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Confidence In The Con

Confidence In The Con

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Those loveable grifters.

Those loveable grifters. Source: Universal Studios/Courtesy of Getty Images hide caption

toggle caption Source: Universal Studios/Courtesy of Getty Images

The confidence scheme certainly seems like an American obesession — the golden age of grift came courtesy of the Jazz Age — and boy does Hollywood love a huckster. I suppose then, it's no surprise that the latest con to hit the papers is a guy proclaiming himself American Royalty: the peculiar case of Clark Rockefeller, nee Christopher Chichester, nee — I'm not kidding — Christian Karl Gerhartsreiter. For the whole story, read the Boston Globe's excellent reporting — it reads like fiction. What's most fascinating to me is how many people believed him — state senators and Upper East Side art dealers — everybody wanted to believe him. These days, the confidence game is less an art, than a science; a race to see how many people will be trapped by a mass mailing signed by a "Nigerian Prince." It makes me nostalgic for the days of Harold Hill — at least back then, a con cared about the trouble in River City.



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elling her that, since her new husband had started his job at the FBI he would be gone a lot and she would welcome company.

The friend never called back again....

Sent by Christopher Scott Edler | 2:41 PM | 8-28-2008

Right after I was married in New York City, my husband sublet his apartment to an aspiring actor who was involved with an old friend of my husband's.
The actor managed to get access to her bank card, empty her bank account, resublet the apartment and take that money and then he disappeared. My husband owned up to the landlord, who took back the apartment and reset the locks after we had cleaned out the effects of the actor, which included his actor's equity card.
Shortly thereafter, we received a call from his real girlfriend, stating that he was deathly ill and needed his actor's equity card. My husband called the police but got nowhere. Some time after, another "girlfriend" who had been also swindled spotted him on a NYC street and managed to have him arrested, but he was released the following day on the strength of his acting abilities with the D.A. even though a slew of swindled "girlfriends" spoke against him.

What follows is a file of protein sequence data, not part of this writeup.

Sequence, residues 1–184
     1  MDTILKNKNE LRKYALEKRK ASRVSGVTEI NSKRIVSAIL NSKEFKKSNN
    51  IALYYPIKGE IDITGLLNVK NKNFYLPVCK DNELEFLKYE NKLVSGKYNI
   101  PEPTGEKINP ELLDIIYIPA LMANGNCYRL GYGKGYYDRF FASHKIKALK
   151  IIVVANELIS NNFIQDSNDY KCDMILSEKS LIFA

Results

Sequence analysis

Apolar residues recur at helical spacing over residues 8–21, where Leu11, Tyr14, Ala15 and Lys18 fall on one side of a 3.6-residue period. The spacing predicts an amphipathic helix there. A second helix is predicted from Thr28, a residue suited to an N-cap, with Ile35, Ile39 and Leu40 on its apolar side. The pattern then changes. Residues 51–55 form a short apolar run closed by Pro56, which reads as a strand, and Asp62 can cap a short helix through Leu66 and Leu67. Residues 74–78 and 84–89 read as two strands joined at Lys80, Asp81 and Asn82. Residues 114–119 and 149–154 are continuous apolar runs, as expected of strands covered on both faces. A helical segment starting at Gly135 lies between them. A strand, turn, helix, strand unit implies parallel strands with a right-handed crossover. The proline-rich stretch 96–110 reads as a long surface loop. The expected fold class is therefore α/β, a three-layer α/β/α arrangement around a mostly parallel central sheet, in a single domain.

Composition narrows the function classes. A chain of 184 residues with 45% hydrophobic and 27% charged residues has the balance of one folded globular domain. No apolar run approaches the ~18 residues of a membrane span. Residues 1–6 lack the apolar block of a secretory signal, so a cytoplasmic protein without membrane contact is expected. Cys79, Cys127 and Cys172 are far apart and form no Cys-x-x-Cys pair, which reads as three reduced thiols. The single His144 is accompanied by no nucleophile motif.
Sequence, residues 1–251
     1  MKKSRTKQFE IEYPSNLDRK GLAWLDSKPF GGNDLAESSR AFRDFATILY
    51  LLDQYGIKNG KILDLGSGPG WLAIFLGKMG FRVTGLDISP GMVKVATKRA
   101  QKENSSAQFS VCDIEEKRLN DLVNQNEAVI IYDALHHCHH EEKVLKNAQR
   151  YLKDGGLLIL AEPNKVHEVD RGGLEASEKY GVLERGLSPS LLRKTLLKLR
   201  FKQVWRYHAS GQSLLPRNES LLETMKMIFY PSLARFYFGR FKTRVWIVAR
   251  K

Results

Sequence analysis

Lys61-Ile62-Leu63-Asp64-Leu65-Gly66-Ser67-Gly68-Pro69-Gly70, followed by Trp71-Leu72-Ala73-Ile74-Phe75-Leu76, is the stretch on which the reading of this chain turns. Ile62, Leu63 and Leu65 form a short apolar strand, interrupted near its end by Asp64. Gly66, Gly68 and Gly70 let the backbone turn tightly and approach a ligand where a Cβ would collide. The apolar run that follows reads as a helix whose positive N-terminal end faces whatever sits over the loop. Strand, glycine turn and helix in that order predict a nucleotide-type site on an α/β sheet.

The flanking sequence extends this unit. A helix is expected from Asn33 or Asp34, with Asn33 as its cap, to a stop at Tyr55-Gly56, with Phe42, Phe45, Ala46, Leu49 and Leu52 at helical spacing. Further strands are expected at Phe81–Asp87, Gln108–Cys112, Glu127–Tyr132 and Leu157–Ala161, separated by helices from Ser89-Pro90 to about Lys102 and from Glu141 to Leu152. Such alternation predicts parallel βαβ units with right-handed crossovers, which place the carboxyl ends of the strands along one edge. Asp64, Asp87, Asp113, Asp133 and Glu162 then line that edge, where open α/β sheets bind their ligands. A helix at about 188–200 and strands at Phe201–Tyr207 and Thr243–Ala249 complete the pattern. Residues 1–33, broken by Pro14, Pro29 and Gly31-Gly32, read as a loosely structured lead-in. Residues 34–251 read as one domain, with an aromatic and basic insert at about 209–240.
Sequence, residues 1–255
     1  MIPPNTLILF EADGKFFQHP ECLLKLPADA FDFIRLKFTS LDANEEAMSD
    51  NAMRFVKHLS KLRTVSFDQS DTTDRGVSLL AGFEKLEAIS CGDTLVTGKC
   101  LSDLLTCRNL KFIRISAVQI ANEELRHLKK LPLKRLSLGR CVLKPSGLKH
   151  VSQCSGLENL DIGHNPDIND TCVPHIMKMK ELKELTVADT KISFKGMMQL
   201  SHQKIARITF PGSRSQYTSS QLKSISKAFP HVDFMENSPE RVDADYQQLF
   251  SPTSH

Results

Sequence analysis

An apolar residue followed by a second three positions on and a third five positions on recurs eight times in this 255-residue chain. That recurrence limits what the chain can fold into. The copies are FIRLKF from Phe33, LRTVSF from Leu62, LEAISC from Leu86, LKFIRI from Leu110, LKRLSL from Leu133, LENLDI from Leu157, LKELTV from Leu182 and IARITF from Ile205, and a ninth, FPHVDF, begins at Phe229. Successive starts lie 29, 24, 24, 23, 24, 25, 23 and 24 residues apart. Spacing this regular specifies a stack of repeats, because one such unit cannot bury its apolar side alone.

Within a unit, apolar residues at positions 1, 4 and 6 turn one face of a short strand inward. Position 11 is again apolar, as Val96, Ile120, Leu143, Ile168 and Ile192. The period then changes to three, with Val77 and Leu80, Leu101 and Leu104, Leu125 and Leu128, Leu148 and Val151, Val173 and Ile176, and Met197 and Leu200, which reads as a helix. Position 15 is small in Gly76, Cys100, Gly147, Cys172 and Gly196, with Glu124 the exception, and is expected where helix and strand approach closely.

He remains in the acting field.

Sent by Patsy Drab | 2:42 PM | 8-28-2008

My father, now deceased, was in the middle of a huge con on Dr. Pat Robertson. He got Robertson to lend him around $600,000

with a piece of "art" as collateral. My father convinced the good Dr. that he himself was an art dealer/appraiser and had appraised the piece of art thoroughly. While this was happening my father and I had been estranged for many years. I had to get involved with this after my father's death, since there were all kinds of lawsuits against his estate and a (faux) business that he had also convinced Robertson to invest in. Long story short, after 8 years, I have finally put everything to rest. But the highlight moment was when Pat called me directly about a year after my father's death. The quote that I will never forget was:

"Lisa, we took the painting to Sotheby's to get it appraised, and apparently my 16th century Velasquez is painted on 20th century canvas. What are you going to do about this?" My immediate reply was "try not to laugh". We weren't very friendly, ever.

I'm kind of proud of Dad... he outconned one of the biggest con men ever. I do get free drinks on this storyJ

Sent by Lisa Knuth | 2:45 PM | 8-28-2008

Some years ago, a friend of mine befriended a taxi driver in San Francisco. The cabbie claimed he owned the company and liked to spend time on the front-line so as not to lose touch. They exchanged information, and a few months later the "cab company owner" called my friend to say he was coming through our town and could he spend a couple of nights with her. My friend said sure. We were excited to meet this charming fellow, who showed up wearing a full-length men's fur coat, was driving a high-end Saab, and was flashing a roll of cash. He told us incredible stories, like his mother being the chairman of the board of directors of Mack Trucks, etc. We had no reason to doubt him. After mooching off my friend for several weeks, awaiting his flight to France where he was going to sailing on the Mediterranean with friends, my friend went through the con's belongings, even finding a book on the art of the con game. My friend had gone to extraordinary lengths to get this con artist set up with a bank loan that she cosigned, a cardiac angiogram with a cardiologist friend, etc. He ran up hundreds of dollars on overseas calls. After doing some research of our own, we found out the Saab was stolen from his boss at the cab company, the coat had been stolen from a NYC hotel (we found a receipt with the owner's name in the pocket and mailed it back to him), and the cash was from a scam insurance claim. We dropped the Saab off at the local police station, then gave this fellow $100 and put him on a train for NYC. We eventually heard that he was busted.